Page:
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For more information on the new NSF web site, please visit the What's New on NSF Web page.

Tips on Using the NSF Web Site

Many pages on the NSF site contain a standard menubar at the top for easy navigation. Use the NSF logo on the left side of the menubar to return to the NSF home page. The Site Map symbol on the right side of the menubar will take you to an extensive list from which you may select direct links to many NSF offices and services. The headings between the NSF logo and the Site Map symbol allow users with version 4.0 browsers or later to navigate through a series of drop down menus to select the exact page on the site that meets your needs. The dynamic menus can be toggled on or off by clicking on Customize at the bottom right of many of the pages on the NSF site. All users can click on a heading to go to a comprehensive menu page, which lists all of the topics available for that heading. The headings listed in the menubar also appear in the toolbar at the bottom of the page to provide users quick access to the most requested information on the site.


Search boxes appear on many top level pages. The heading above the search box indicates the scope of the search that will be conducted. Some search boxes will search only certain pages of the NSF site. For example, the search box on the biology overview page will only search biology pages for the terms submitted. To search the entire NSF web site, use the search box on the home page or go to the search page by clicking on the search option in the menubar at the top or toolbar at the bottom of most pages.

Online Document System
NSF's Online Document System includes all NSF documents (numbered publications) available in electronic formats (such as HTML, ASCII, and PDF). Documents can be searched for by document type, document number, text search, or date.

Custom News Service
NSF offers subscriptions to our publications and other documents through the Custom News Service. The Custom News Service is an email- and web-based alert service which notifies anyone with an interest in NSF news and documents when new publications are released. It is a “custom” service that lets you select the types of publications you want to know about. The Custom News Service alerts you to new documents on the NSF web site and provides a link to each document's location.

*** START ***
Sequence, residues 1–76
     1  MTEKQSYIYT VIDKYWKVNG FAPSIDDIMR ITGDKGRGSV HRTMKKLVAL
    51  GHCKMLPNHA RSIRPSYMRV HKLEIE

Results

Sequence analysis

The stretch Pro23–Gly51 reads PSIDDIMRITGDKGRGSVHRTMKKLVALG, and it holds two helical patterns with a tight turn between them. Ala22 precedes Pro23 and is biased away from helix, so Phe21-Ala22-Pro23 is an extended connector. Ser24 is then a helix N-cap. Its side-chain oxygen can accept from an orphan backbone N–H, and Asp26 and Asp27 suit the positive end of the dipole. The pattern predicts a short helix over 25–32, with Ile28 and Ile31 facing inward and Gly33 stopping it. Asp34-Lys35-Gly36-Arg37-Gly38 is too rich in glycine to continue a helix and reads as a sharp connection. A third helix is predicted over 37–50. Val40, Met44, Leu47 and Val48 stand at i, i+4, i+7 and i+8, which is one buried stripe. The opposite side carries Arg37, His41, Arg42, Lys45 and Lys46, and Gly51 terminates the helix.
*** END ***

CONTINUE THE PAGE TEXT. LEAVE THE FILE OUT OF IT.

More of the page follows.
Users who prefer a text-only version of the NSF web site can generate one automatically using Betsie, the BBC Education Text to Speech Internet Enhancer. Betsie linearizes tables, translates ALT values, and removes JavaScript from web pages. In addition, NSF has customized Betsie to turn links to PDF files into links that translate the PDF files into HTML files using the Adobe Document Server. You can access the Betsie-generated version of our site at http://www.nsf.gov/cgi-bin/access/parser.pl/www.nsf.gov or through a link at the top of the NSF home page available to screen reading devices.

Many pages on the NSF web site provide a link in the bottom right corner of the page for contacting NSF. To provide feedback to the Web Development Team contact the NSF Webmaster.


The NSF web site offers files in a variety of formats. These may include PDF, Word, Excel, MPEG and others. NSF provides links to plug-ins and viewers for all of the file formats available on our site.

PDF Files
PDF IconSome documents on the NSF web site are in Portable Document Format (PDF). These cross-platform documents allow users to view publications as they were originally formatted regardless of the platform, software, or configurations they are using to access the Internet. PDF files must be viewed using the Acrobat Reader, which can be downloaded free from Adobe. For best results, make sure you are using Acrobat Reader version 3.0 or later.

ADS IconTo make PDF files accessible to users with visual disabilities, NSF is using the Adobe Document Server (ADS) to translate some PDF files into HTML pages that will be accessible to screen readers. PDF files that can be translated through NSF's ADS are identified by the symbol to the right of this paragraph. The ADS-generated HTML pages are provided specifically for screen reader use without concern for their visual appearance. If you encounter a PDF file on the NSF web site that does not have the ADS symbol, you can use the Betsie gateway at http://www.nsf.gov/cgi-bin/access/parser.pl/www.nsf.gov to access the file through the text-only version of the NSF web site, which automatically uses ADS to translate PDF files into HTML.

Frequently Asked Questions
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